# How to design a heat exchanger?

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## How to design a heat exchanger?

For **sizing a heat exchanger,** several thermal phenomena should be considered first:

- Forced convection of both fluids: Convection is the transfer of heat between a wall and a flowing fluid, both having different temperatures. In the case of heat exchangers, it is called forced convection as it is caused by artificial circulation (pumps, turbines, fans…)
- Conduction: This is the transfer of heat which occurs naturally through the walls, plates and tubes. This phenomenon is based on the principle of thermal agitation without movement of material.
- Thermal radiation which could be considered as negligible

**WARNING****For clarity and brevity, we chose to simplify information and calculation methods that are exposed only partially and which refer to the simplest cases. In our daily activity, sizing request the inclusion of many other parameters and heat exchanger equation.**

The **design of a heat exchanger** addresses mainly three phases:

## 1.The choice of technology

Selection of the optimum technology is linked to:

- The thermal program (Required temperatures, efficiency…)
- The nature of the fluids
- The application
- The constraints of installation and maintenanceTaking account of all these elements enables to define the type of heat exchanger (Plate heat exchanger,tubular heat exchanger…) and materials. Sometimes it is required to use a specific material that will define the choice of exchange type (e.g. compulsory titanium on an application with sea water cannot be used on all types of heat exchangers).

## 2.Thermal design

**2.a. Validation of the thermal program**

Once the technological choices made, we will proceed to the **design of the heat exchanger** , i.e. determining its power, size and geometry. It is first necessary to validate the data of the thermal program, with the following 3 formulas:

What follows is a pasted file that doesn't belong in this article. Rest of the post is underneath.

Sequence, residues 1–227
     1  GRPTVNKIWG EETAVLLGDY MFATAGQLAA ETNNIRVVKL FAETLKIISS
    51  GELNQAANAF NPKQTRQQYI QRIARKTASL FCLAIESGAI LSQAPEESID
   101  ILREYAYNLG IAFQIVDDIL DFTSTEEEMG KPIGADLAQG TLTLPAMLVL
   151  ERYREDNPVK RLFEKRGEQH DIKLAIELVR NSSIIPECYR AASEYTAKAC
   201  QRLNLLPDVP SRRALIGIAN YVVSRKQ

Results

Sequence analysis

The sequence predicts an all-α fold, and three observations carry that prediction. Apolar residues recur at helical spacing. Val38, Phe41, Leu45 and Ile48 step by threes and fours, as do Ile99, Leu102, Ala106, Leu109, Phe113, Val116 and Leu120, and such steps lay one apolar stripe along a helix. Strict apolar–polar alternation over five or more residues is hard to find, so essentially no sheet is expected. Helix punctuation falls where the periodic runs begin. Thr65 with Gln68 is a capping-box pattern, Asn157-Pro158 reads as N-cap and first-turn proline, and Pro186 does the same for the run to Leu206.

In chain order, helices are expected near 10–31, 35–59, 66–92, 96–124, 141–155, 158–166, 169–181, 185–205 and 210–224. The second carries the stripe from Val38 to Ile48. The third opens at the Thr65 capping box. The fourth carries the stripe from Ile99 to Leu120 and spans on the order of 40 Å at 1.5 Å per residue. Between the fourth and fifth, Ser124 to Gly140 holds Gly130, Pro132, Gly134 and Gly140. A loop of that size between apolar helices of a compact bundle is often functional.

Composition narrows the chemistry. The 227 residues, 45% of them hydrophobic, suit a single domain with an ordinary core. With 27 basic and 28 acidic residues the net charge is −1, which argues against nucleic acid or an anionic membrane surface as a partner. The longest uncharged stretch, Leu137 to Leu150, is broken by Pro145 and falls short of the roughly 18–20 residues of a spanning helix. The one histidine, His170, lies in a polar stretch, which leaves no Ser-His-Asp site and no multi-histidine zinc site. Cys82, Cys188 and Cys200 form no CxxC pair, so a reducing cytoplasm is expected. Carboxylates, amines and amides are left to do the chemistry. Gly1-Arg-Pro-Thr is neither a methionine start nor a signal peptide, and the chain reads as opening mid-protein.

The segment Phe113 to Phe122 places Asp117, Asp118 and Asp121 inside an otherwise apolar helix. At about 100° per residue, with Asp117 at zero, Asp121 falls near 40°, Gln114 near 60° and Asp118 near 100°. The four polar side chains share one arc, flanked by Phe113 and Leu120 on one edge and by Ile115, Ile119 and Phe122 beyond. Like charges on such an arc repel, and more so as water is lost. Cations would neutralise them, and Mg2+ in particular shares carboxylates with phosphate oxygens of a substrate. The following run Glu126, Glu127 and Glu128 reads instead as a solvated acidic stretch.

Thanks to those formulas, the other data can be calculated. Here we have:

i.e.

Tout=73°C

Total power: 65,000 KCal/h or 756 KW

**2.b. Calculation of the heating surface**

First, LMDT (Logarithmic mean temperature difference) shall be calculated. The LMDT is the logarithmic average of the temperature differences at each end of the heat exchanger.

Once LMDT and Power have been calculated, the **heat exchanger calculation** can be done as per the following formula:

K: Heat Transfer Coefficient in KW/°C/m2 that is specific to each type of equipment and given by the manufacturer.

S : Heating area in square meters.

**2.c. Calculation of K and incrustation**

The Heat Transfer Coefficient of an heat exchanger is given by :

h1 and h2: Local Heat exchange Coefficients calculated as per the local geometry as well as dimensionless numbers such as Reynolds (Re), Prandlt (Pr) and Nusselt (Nu).

Getting the **Heat Transfer Coefficient** (HTC or K) enables to find the heating area and hence sizing the heat exchanger.

## 3. Calculation of the heat exchanger pressure drop

A moving fluid undergoes energy losses due to friction on the walls (regular head loss) or mishaps (singular head losses) such as baffles, for example. This loss of energy, expressed in pressure drop (△P) must be compensated to allow the fluid to move.

When the heat exchanger is designed, the** heat exchanger pressure drop** can be calculated with different correlations determined by the characteristics of the exchange surfaces.

Steps 2 and 3 are made by interdependence and iterations, as shown in the summary diagram below:

**HEAT EXCHANGER EFFICIENCY AND EFFECTIVENESS**

We must not confuse efficiency and effectiveness. Indeed, considering no loss by radiation, therefore the **effectiveness of a heat exchanger** is equal to 1.

The efficiency (yield) corresponds to the following formula:

Obtaining a yield of 100% is impossible.

The yield is induced by the needs for power and temperatures of the client’s application. Hence in most cases, it is fixed upon request by the client himself.